In the export hub of Tirupur, in Southern India, where there are about 10,000 manufacturing units, and which accounts for almost $4 billion of the $17 billion apparel export business of India, the situation is grim.

“Coronavirus has brought the production in India to a standstill, with invisible devastation happening all over the globe,” Raja M. Shanmugam, president of the Tirupur Exporters Association, told WWD. “The textile industry here has gone into devastation mode, the brands are not making payments till the orders come in, and these are on hold or getting canceled.”

About 36 percent of exports from Tirupur go to Europe, and 34 percent to the U.S, with the rest being to other parts of the world.

“Initially there was a shortage of accessories imported from China, but it seemed that more business would move toward India. But after the COVID-19 moved to Europe, everything started slowing down. March has been the toughest month so far, and as the last month of the financial year [the Indian financial year is from April 1 to March 31], it will bring the annual sales down by approximately 15 percent for 2019-20,” he observed.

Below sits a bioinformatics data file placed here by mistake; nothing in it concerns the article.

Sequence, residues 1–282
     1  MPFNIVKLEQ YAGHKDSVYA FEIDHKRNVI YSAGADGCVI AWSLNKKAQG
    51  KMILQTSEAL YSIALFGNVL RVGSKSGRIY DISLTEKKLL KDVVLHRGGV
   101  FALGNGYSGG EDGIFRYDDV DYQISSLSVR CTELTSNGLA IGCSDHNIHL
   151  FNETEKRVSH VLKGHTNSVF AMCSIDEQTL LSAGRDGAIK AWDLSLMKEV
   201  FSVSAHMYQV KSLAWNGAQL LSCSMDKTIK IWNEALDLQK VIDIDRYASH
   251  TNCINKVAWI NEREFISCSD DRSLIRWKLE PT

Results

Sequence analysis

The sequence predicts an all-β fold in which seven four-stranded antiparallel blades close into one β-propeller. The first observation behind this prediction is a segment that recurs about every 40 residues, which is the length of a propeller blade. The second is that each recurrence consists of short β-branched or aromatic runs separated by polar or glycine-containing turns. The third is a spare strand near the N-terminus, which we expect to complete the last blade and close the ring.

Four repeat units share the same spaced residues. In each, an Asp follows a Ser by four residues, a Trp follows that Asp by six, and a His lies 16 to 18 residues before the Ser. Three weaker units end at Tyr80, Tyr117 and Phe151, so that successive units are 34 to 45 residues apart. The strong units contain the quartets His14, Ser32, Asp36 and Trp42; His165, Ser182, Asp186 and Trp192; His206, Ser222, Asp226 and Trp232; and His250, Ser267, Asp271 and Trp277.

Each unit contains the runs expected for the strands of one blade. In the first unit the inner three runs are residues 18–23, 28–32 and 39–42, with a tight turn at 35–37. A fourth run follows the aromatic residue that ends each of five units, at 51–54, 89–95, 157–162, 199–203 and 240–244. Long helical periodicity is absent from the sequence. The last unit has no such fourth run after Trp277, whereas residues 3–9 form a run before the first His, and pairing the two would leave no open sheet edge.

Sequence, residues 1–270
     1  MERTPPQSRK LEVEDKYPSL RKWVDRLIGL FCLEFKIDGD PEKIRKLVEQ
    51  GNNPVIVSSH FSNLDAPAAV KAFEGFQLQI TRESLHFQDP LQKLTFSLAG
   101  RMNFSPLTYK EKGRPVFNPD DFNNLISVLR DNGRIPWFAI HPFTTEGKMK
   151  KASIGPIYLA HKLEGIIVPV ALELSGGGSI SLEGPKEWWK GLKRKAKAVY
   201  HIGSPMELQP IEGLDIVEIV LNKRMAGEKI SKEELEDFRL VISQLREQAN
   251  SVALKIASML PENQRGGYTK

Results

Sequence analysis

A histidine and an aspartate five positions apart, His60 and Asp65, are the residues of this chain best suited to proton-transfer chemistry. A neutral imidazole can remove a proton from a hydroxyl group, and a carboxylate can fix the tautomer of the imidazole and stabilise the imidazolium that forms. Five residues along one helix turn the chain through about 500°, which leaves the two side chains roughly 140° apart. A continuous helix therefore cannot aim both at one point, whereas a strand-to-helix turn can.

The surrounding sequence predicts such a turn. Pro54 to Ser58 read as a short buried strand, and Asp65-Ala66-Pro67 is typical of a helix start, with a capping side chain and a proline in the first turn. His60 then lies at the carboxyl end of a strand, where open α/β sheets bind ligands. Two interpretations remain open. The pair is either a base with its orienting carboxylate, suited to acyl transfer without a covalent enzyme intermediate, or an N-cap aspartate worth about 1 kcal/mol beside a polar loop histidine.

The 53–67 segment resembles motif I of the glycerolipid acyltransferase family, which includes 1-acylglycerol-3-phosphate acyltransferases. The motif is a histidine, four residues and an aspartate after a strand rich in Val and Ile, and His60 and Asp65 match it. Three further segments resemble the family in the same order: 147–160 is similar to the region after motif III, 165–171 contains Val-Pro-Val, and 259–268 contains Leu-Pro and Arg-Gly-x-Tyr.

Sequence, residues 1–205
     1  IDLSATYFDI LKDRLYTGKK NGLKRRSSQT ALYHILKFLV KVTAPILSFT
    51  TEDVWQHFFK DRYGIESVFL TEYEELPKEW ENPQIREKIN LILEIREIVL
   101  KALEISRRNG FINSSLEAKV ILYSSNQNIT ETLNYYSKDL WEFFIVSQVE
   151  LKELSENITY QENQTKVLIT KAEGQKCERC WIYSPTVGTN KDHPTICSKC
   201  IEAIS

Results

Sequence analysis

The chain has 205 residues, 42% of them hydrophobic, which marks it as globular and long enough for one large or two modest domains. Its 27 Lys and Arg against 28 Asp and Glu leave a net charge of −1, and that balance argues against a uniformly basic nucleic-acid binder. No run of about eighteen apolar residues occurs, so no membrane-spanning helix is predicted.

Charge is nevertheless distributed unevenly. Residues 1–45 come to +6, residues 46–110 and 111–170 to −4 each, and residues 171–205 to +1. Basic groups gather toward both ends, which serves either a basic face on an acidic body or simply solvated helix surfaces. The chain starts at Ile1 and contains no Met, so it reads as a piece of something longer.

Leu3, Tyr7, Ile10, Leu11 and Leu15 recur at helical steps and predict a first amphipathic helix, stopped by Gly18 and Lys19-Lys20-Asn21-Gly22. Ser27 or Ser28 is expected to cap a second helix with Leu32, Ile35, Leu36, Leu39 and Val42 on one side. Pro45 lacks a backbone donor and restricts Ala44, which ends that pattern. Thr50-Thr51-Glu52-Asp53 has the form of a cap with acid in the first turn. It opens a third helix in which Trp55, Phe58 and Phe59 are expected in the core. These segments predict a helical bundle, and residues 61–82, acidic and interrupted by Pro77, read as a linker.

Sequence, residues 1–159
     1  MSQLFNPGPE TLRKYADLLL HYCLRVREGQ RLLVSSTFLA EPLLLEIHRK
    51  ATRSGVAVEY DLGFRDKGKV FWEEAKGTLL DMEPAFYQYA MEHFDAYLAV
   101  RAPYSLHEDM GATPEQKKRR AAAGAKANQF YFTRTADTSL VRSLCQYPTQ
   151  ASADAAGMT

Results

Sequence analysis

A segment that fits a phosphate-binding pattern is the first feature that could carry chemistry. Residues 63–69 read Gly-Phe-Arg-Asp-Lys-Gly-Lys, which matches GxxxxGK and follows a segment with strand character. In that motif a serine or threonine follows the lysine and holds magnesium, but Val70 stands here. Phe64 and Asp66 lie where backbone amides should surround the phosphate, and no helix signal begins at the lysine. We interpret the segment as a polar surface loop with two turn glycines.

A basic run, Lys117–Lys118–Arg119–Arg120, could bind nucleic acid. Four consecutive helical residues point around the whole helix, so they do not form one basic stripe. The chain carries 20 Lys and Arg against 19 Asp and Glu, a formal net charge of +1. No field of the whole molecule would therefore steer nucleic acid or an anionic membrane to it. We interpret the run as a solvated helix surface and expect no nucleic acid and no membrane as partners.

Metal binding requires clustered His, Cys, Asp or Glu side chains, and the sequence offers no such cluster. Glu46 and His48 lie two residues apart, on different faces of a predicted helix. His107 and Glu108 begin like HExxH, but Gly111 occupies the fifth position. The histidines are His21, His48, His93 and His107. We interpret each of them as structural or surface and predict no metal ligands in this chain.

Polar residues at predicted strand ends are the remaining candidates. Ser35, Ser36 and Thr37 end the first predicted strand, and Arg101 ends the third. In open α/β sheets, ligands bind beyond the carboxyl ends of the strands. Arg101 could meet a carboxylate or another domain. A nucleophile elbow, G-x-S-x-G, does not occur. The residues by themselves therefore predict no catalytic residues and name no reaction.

Many of the workers at the factories in Tirupur live in hostels near the factories. “Provisions are being made for their safety, and care is being taken to keep sanitary conditions. Some migrant workers who were able to leave went back to their home towns.

“It is a perplexing situation,” said Shanmugam, “and everything is at a standstill.”

While factory closures across the country mean that migrant workers lose their daily earnings, union leaders have been negotiating for better conditions and worker safety.